It’s been a few weeks since the People for the Ethical Treatment of Animals, or PETA, called for the removal of the fisherman memorial statue.
This move was met with criticism from those associated with fishing.
“It’s absolutely ridiculous and it’s a slap in the face to those families of people that were lost at sea,” Fishermen’s Marketing Association president Travis Hunter said in a phone call back in September.
Eureka Mayor Kim Bergel released a statement shortly after about working in another way to share their message.
Bergel responded with an open letter stating “by working together, we can find common ground and create positive change. Once again, we appreciate your organization’s dedication to animal welfare and your concern for the well-being of fish.”
“The primary reason for bringing them here is again because we did write about collaborating with them,” Bergel said. “I think it’s really important that when you say something, you keep your commitment.”
Which led to PETA director Ashley Byrne presenting a fish empathy quilt before the eureka city council.
“Mayor Bergel was extremely helpful in working with us to find a way to display our quilt and to educate the public on this other perspective; this other side of things,” Byrne said. “We truly appreciate how gracious and helpful she’s been.”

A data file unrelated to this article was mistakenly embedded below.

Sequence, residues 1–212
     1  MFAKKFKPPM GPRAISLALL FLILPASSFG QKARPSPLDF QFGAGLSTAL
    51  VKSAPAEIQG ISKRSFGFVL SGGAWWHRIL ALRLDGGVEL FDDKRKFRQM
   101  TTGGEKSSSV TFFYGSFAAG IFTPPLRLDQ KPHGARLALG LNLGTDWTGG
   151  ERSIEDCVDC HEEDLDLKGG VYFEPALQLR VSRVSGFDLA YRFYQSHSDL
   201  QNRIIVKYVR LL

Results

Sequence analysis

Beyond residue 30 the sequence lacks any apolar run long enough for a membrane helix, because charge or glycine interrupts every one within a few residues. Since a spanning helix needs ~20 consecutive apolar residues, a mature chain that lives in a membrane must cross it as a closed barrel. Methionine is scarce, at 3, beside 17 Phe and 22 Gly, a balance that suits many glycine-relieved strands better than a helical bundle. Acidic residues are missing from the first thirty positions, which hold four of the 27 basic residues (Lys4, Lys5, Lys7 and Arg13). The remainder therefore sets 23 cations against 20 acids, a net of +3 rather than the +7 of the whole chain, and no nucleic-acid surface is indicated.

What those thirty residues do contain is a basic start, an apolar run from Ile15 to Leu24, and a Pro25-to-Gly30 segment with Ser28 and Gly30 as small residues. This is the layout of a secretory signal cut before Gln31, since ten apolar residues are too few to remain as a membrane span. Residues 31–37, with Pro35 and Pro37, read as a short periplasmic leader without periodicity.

The quilt is composed of 100 handcrafted squares, focused on raising awareness on fish empathy.
Each square also came with a personal story from the designer, speaking on their own experience moving away from eating fish.
“For instance, we have several quilt squares that were sent in by a member of a Girl Scout Troop in Austin, Texas after they saw a presentation from a former commercial fisherman who had become a vegetarian and after educating them about how fishing harms animals and the environment,” Byrne said.
With the presentation, three quilt panels from the six panel quilt will hang outside of the Council Chambers for the next month.
“We hope that people who view this quilt come away with an increased empathy for fish and understanding of the fact that they are intelligent animals who feel joy, fear and pain just like we do,” Bryne said.
PETA hopes that this collaboration continues with the possibility of creating a future statue made of discarded fishing gear.